Requiem at Oxford
The Jesuit Church of St. Aloysius at Oxford was filled to capacity on Friday last when Solemn Requiem Mass was celebrated for the repose of the souls of seventeen Polish professors of the University of Cracow who died in, or shortly after being released from, the concentration camp at Oranienburg.
Owing to illness, Fr. M. C. D'Arey (Master of Campion Hall) was unable to deliver an address, his place being taken by Fr. Leslie Walker, of Campion Hall, who began by asking: " Why did these men die, a year ago, all more or less at the same time, when they were not soldiers, nor had they taken any active part in the war against Germany? They were not conspiring against the foreigner who now rules their beloved Poland, a land that once had been free. Nor were they proposing to lecture upon controversial topics. They were merely men who proposed to carry on their ordinary occupations as civilians in an occupied country.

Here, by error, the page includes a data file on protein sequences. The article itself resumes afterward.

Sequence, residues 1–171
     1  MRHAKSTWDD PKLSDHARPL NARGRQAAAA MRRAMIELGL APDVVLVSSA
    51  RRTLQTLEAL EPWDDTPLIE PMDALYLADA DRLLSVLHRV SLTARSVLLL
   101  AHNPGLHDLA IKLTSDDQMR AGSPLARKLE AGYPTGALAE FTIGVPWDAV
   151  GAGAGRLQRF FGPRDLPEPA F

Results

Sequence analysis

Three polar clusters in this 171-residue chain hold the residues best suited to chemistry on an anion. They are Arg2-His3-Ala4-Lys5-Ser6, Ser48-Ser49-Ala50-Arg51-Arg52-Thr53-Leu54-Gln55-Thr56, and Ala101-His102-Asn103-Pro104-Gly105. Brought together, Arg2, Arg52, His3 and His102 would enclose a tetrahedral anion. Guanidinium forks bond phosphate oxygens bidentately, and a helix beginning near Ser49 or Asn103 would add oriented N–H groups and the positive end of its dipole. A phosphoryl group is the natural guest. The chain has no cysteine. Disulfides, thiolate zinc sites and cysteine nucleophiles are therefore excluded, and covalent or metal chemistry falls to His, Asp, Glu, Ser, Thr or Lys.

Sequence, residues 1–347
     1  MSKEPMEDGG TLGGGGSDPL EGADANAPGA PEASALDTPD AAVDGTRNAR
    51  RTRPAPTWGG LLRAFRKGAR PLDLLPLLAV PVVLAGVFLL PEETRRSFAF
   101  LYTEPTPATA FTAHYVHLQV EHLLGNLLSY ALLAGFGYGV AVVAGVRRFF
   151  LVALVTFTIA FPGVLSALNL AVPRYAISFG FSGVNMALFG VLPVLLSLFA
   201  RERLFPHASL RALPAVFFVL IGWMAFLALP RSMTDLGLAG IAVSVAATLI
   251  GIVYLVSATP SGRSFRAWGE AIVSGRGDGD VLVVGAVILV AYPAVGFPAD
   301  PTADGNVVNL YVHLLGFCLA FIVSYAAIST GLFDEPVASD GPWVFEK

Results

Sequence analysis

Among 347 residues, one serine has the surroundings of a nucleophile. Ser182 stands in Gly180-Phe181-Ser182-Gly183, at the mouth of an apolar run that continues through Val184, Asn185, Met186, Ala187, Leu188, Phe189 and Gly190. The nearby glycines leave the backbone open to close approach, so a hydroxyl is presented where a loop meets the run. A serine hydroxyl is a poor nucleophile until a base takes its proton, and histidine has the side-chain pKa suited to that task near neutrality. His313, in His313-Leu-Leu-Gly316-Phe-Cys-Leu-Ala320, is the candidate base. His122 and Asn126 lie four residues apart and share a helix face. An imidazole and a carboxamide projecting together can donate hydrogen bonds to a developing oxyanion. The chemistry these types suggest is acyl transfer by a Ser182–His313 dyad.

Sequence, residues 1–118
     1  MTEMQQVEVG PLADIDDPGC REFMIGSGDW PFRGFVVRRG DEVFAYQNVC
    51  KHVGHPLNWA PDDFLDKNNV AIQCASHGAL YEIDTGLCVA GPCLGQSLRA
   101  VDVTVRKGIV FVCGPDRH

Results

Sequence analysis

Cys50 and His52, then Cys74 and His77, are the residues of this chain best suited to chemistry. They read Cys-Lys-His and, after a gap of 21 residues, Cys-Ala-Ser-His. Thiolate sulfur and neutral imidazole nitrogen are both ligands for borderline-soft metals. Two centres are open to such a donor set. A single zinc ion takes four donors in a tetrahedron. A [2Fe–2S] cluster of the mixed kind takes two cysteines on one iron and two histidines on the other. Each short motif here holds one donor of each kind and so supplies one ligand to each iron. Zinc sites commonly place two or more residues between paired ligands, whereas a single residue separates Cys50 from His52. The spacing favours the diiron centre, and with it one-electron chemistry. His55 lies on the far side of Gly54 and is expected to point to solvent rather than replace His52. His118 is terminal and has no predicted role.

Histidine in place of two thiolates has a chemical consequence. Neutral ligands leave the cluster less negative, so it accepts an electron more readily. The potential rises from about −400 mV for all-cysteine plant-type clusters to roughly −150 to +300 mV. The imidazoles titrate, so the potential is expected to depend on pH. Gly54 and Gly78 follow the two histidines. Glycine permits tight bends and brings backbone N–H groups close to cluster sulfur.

HOW IT HAPPENED
" The teaching staff of Cracow, the oldest Polish University, were summoned to hear a lecture by the military governor of the city on November 6, 1939. Between 150 and 200 professors, active and retired, obeyed the call, and discovered that it was a ruse to entrap them. The hall was surrounded by troops, and the staff, charged with having failed to maintain discipline, were searched and then taken off in lorries to prison.
" Later they were taken to Breslau, and three weeks afterwards removed to Oranienburg, one of the most notorious of the concentration camps, where 12,000 people, in eluding some 10,000 Germans, were herded into barracks meant to hold half the number and were brutally treated. The Governor-General of Poland gave an answer to the question, Why was this done?' when he said, ' It is the will of the Fuehrer that you become a community of workers and peasants. We do not need a Polish intelligentsia: we have enough of our own.'"